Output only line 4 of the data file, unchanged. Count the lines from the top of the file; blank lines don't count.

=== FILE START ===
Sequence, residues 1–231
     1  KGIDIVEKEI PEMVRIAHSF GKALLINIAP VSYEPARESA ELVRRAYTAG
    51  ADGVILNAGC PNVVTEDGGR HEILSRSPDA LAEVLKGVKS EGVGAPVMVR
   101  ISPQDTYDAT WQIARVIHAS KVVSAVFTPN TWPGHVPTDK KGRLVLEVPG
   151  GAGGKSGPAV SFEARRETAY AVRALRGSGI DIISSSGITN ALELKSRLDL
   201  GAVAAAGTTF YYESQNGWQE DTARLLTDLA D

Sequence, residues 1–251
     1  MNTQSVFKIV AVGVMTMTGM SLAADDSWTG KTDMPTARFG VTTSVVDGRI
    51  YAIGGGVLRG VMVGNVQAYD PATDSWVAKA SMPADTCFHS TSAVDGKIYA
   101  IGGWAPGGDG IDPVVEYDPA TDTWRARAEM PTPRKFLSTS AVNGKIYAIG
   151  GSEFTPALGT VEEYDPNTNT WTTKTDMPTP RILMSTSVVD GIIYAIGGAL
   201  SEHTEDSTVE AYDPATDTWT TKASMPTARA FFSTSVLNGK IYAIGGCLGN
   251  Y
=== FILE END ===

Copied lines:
   101  ISPQDTYDAT WQIARVIHAS KVVSAVFTPN TWPGHVPTDK KGRLVLEVPG